Select Page

By Kelly Childs, Slow Food St. Louis Co-Leader

It all started with the Red Wattle Hog.
{{ image(2666, {“class”: “flor round”, “width”:”200″, “height”:”200″, “method”: “img”}) }}

Missouri is an excellent place to raise pigs. The climate is ideal, the terrain is ideal, and a proliferation of acorns are available. One of our
Co-Leaders, Bill Burge, decided our chapter would focus on saving the Red Wattle. After a lot of research and discussion, he found three hogs for purchase,
and a farmer who agreed to raise them for the three buyers was secured. It wasn’t easy, and the process took many months. But finally, the puzzle was
assembled, and we would have Red Wattle served in two St. Louis restaurants.

One Saturday, we paid a visit to the farmers of Farrar Out Farm who had agreed to raise the hogs. Out of the blue, we presented the young farm couple,
Christina and Bryan, with a check for $500 to cover the cost of the pigs and feed. When Christina started crying and we witnessed what this financial
assistance meant to the couple, we knew we were on to something.

Slow Food St. Louis’s Biodiversity Micro Grant Program has been supporting the preservation of food biodiversity in the St. Louis food system since 2009. To
date, we have awarded over $55,000 in micro grants to more than 45 small-scale, local farmers, supporting the cultivation of more than 300 heirloom
varieties and heritage breeds.

Taking on a new project for a small farm can be risky. This initiative encourages farmers to grow heirloom produce and raise heritage breed animals with
Slow Food St. Louis taking on all or part of the financial risk of the project. The program also encourages farmers to explore more niche product
offerings, as many heirlooms and heritage breeds are unique to the marketplace, thereby distinguishing their businesses. For instance, consumers loved the
taste of the Red Wattle Hog, and five years later St. Louis now has a consistent supply of the product with at least one farmer and one combined community
supported agriculture (CSA) program focusing on the breed. It is also boarded on the Ark of Taste in the USA.

{{ image(2665, {“class”: “flor round”, “width”:”200″, “height”:”200″, “method”: “img”}) }}
Heirloom varieties are defined as a horticultural variety that has survived for several generations and is not used in large-scale agriculture. Many
varieties are listed with the Slow Food Ark of Taste, Seed Savers Exchange, and Baker Creek Heirloom Seeds. Heritage breeds are traditional livestock
breeds that date back several generations, before the drastic reduction of breed variety caused by the rise of industrial agriculture. The preservation of
diversity in our food system is important not only for nutrition and taste, but also as a tool of flexibility as we face crop disease and climate change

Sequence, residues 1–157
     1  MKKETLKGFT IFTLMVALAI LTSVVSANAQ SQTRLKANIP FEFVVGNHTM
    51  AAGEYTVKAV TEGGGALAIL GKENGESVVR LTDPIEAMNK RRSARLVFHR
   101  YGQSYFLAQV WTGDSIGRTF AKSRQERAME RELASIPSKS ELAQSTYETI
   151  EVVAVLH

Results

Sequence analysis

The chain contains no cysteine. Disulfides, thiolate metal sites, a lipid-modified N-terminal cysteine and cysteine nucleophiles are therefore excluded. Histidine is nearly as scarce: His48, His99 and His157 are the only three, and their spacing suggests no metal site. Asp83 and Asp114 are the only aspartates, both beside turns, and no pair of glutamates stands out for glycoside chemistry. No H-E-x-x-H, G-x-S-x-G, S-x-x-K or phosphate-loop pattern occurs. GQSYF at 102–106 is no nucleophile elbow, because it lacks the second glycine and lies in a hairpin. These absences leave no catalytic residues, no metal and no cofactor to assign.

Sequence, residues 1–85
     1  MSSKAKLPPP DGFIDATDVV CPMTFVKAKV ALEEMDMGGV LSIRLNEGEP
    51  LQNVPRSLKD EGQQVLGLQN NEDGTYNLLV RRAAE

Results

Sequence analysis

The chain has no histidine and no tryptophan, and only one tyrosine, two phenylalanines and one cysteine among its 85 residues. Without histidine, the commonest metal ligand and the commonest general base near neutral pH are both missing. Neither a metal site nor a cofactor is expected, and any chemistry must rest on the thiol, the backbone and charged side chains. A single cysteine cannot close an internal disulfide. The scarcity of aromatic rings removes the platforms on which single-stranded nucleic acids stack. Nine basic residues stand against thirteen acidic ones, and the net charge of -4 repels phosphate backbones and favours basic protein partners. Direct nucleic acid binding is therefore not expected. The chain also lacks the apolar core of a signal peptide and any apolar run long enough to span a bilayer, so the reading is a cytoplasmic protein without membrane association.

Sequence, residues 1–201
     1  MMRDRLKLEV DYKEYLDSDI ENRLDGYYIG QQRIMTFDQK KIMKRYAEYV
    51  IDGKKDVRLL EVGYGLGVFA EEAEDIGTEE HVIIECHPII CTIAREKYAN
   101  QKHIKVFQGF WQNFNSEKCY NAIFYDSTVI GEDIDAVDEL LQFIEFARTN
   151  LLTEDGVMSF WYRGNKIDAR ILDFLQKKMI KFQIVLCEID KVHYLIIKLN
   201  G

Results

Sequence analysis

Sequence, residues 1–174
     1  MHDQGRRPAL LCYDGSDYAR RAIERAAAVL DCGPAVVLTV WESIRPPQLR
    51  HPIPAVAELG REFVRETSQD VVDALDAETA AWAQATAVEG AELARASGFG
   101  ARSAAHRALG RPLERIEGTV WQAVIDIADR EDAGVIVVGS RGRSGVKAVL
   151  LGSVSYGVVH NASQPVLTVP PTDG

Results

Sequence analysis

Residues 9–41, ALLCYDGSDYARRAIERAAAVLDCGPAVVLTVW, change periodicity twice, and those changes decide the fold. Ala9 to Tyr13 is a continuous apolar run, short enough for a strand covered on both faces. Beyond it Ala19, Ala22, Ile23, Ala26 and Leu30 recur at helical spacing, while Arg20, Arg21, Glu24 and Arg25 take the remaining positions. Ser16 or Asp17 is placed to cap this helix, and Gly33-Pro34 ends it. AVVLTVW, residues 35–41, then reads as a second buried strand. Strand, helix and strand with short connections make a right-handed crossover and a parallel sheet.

Our grants have been awarded to more than 45 different farms over the past five years. Route 66 Farm received a grant for experimenting with Mangel Beets.
A single Mangel Beet can grow to 25 pounds in weight, and they have a history of being drought-tolerant and great for livestock feed. Because of the
thinning balance chosen, most of the beets Root 66 grew were under one pound, but the farm was successful in cutting livestock feed costs by 50% for three
months after the beet harvest.

Sunflower Savannah Farm has received multiple grants including one for Milo, another drought-resistant livestock feed alternative. They have been
pleasantly surprised to find that Milo, thus far, has also been an effective Bermuda Grass repellent. North County Produce Co, an urban farm, received a
grant to plant Ozette Fingerlings and All Blue Potatoes. They harvested 700 pounds of potatoes with the grant money, which were sold at six separate

Community Action Agency of St. Louis County, an organization committed to overcoming food insecurity, used their grant funding to plant a “Sizzle Garden,”
to educate the community about sustainable, small-scale methods of growing heat-loving and drought-tolerant vegetables that can reliably feed families
through severe St. Louis summers. They produced some of these crops, like the Ark of Taste’s Lina Sisco’s Bird Egg Bean, on a larger scale to serve the
Seeds of Hope Farm CSA and educate their subscribers about the value, versatility, and deliciousness of beans in healthy, affordable meals.

We have awarded a variety of other grants supporting Ark of Taste products including: Milking Devon Cattle, Silver Fox Rabbit, St. Croix Sheep, Spanish
Goat, Dominique Chicken, Delaware Chicken, Bourbon Red Turkey, Boston Marrow Squash, Ozette Fingerlings, Hauer Pipin, Rio Oso Gem Peach, Sun Crest Peach,
and the Inca Plum, just to name a few. The success of the program has dramatically increased the number of food varieties available to St. Louisans at
farmer’s markets, in CSAs, at grocery stores, in food buying clubs, and at local restaurants. Additionally, we have increased our grants to farms growing
in and serving food insecure areas, and in 2014, we steered more than 20% of our grants to such areas.

For more information about this program, please contact Kelly Childs (Kelly@slowfoodstl.org), or visit www.slowfoodstl.org.


Good, clean and fair food news sent to your inbox once a month, plus special announcements.
We’ll add your name to the Slow Food USA subscriber list and share with the chapter you select, if you please!